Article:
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      Smartphone addiction proneness in relation to sleep and morningness–eveningness in German adolescents

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          Abstract

          Background

          Mobile phones are an important part of adolescents’ life. In this study, the relationships among smartphone addiction, age, gender, and chronotype of German adolescents were examined.

          Materials and methods

          Two studies focused on two different measures of smartphone addiction. The Smartphone Addiction Proneness Scale ( SAPS) was applied to 342 younger adolescents (13.39 ± 1.77; 176 boys, 165 girls, and 1 not indicated) in Study 1 and the Smartphone Addiction Scale was applied to 208 older adolescents (17.07 ± 4.28; 146 girls and 62 boys) in Study 2, both samples in southwest Germany. In addition, a demographic questionnaire and the Composite Scale of Morningness ( CSM) and sleep measures were implemented.

          Results

          The most remarkable result of this study was that morningness–eveningness (as measured by CSM scores) is an important predictor for smartphone addiction; even stronger than sleep duration. Evening oriented adolescents scored higher on both smartphone addiction scales. In addition, gender is an important predictor for smartphone addiction and girls are more prone to become addicted. In addition, while sleep duration on weekdays negatively predicted SAPS, age, sleep duration on weekends, and midpoint of sleep on weekdays and weekends did not predicted smartphone addiction in both scales. The analysis of covariance revealed statistically significant effects of the covariates gender and age in both studies, as well as the main effect of chronotype. According to the t-test results, girls had higher scores than boys in smartphone addiction.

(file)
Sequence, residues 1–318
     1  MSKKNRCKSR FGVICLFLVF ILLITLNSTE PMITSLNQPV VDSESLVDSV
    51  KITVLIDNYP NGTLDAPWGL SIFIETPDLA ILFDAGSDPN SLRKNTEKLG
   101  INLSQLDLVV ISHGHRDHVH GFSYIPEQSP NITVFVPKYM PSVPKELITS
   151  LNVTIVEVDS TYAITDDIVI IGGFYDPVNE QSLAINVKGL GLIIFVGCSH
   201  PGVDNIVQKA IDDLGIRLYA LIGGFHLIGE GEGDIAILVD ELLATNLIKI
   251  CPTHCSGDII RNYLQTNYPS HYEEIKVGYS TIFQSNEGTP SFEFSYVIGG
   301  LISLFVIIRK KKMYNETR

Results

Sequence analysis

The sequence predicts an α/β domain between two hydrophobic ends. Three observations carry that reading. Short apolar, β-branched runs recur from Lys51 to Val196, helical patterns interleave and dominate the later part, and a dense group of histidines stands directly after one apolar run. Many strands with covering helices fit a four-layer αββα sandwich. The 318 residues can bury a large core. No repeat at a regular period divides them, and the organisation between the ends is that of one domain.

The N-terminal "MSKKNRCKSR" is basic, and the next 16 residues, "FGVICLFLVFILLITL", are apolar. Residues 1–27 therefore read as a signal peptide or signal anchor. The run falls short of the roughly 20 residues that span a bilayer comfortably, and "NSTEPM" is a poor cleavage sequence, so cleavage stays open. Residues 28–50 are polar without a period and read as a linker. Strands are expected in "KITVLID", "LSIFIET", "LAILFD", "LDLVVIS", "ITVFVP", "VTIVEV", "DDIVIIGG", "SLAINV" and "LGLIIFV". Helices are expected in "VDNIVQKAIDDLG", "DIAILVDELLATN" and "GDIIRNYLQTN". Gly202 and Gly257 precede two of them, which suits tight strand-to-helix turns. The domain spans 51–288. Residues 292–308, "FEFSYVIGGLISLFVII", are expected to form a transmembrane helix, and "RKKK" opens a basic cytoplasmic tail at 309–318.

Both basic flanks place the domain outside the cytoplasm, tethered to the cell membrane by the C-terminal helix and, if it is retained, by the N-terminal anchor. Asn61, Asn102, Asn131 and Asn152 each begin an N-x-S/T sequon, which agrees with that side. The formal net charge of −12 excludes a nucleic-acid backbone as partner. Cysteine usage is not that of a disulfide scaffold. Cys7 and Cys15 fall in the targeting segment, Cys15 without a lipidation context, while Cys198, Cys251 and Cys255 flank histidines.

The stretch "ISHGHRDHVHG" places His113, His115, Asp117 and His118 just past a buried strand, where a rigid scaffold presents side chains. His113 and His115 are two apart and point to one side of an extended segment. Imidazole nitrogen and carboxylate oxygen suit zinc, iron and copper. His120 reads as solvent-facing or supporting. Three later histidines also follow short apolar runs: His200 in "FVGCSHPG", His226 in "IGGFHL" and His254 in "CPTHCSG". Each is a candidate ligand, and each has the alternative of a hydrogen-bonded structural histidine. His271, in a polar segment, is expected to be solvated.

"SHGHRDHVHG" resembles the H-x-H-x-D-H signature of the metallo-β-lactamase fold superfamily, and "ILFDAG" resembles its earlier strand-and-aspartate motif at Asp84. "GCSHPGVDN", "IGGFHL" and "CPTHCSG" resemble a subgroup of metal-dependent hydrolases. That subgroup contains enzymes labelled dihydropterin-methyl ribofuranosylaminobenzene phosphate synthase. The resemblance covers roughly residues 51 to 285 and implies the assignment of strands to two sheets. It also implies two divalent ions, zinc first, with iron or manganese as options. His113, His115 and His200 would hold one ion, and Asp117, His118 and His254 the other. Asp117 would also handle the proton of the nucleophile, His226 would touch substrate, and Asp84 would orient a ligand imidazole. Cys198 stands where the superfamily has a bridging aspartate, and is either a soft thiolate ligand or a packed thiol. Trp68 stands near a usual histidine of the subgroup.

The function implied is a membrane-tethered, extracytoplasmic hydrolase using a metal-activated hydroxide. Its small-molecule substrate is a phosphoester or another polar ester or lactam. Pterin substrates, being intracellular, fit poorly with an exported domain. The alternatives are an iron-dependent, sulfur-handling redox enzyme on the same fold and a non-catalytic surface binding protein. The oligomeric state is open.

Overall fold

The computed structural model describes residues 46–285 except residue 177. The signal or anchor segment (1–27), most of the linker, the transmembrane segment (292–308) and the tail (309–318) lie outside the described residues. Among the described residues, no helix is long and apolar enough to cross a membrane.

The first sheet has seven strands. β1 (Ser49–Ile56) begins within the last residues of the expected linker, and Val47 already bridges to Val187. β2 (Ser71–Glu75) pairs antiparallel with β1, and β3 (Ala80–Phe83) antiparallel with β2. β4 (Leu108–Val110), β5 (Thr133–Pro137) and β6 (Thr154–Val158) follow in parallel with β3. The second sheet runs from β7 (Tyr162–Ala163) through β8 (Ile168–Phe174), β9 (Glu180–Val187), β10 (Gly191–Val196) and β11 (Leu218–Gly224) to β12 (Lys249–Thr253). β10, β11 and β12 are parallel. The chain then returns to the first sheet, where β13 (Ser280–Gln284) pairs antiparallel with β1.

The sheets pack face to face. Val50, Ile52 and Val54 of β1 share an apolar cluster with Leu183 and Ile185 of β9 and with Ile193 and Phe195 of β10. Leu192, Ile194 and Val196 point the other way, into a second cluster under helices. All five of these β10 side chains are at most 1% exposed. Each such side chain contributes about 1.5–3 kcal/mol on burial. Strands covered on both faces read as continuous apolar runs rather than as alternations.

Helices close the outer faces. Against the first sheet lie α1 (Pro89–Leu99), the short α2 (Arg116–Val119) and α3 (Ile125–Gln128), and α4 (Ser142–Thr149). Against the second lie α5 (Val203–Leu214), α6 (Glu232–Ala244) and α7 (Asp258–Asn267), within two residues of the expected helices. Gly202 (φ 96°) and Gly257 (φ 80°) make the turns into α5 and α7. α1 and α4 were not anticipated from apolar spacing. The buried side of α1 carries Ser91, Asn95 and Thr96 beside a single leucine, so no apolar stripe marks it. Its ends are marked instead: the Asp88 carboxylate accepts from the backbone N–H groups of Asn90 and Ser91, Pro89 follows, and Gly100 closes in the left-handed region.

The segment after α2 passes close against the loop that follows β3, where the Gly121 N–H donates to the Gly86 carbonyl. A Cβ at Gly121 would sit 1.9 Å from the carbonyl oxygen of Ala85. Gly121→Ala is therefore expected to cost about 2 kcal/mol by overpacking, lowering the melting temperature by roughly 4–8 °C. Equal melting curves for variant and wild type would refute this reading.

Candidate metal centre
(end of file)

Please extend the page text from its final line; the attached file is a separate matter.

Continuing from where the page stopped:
Conclusion

          Evening types and girls are more prone to become smartphone addicted.

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          Most cited references 60

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          Circadian typology: a comprehensive review.

          The interest in the systematic study of the circadian typology (CT) is relatively recent and has developed rapidly in the two last decades. All the existing data suggest that this individual difference affects our biological and psychological functioning, not only in health, but also in disease. In the present study, we review the current literature concerning the psychometric properties and validity of CT measures as well as individual, environmental and genetic factors that influence the CT. We present a brief overview of the biological markers that are used to define differences between CT groups (sleep-wake cycle, body temperature, cortisol and melatonin), and we assess the implications for CT and adjustment to shiftwork and jet lag. We also review the differences between CT in terms of cognitive abilities, personality traits and the incidence of psychiatric disorders. When necessary, we have emphasized the methodological limitations that exist today and suggested some future avenues of work in order to overcome these. This is a new field of interest to professionals in many different areas (research, labor, academic and clinical), and this review provides a state of the art discussion to allow professionals to integrate chronobiological aspects of human behavior into their daily practice.
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            Incidence and correlates of pathological Internet use among college students

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              • Record: found